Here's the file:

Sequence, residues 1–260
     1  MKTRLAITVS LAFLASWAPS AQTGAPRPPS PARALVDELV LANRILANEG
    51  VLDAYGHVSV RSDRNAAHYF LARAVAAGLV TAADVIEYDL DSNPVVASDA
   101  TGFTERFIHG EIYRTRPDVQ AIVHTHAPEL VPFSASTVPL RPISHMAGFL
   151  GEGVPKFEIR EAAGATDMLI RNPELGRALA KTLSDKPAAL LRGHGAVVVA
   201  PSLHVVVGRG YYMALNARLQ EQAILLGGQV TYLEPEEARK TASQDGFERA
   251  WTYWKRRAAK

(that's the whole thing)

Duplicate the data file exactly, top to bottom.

Sequence, residues 1–260
     1  MKTRLAITVS LAFLASWAPS AQTGAPRPPS PARALVDELV LANRILANEG
    51  VLDAYGHVSV RSDRNAAHYF LARAVAAGLV TAADVIEYDL DSNPVVASDA
   101  TGFTERFIHG EIYRTRPDVQ AIVHTHAPEL VPFSASTVPL RPISHMAGFL
   151  GEGVPKFEIR EAAGATDMLI RNPELGRALA KTLSDKPAAL LRGHGAVVVA
   201  PSLHVVVGRG YYMALNARLQ EQAILLGGQV TYLEPEEARK TASQDGFERA
   251  WTYWKRRAAK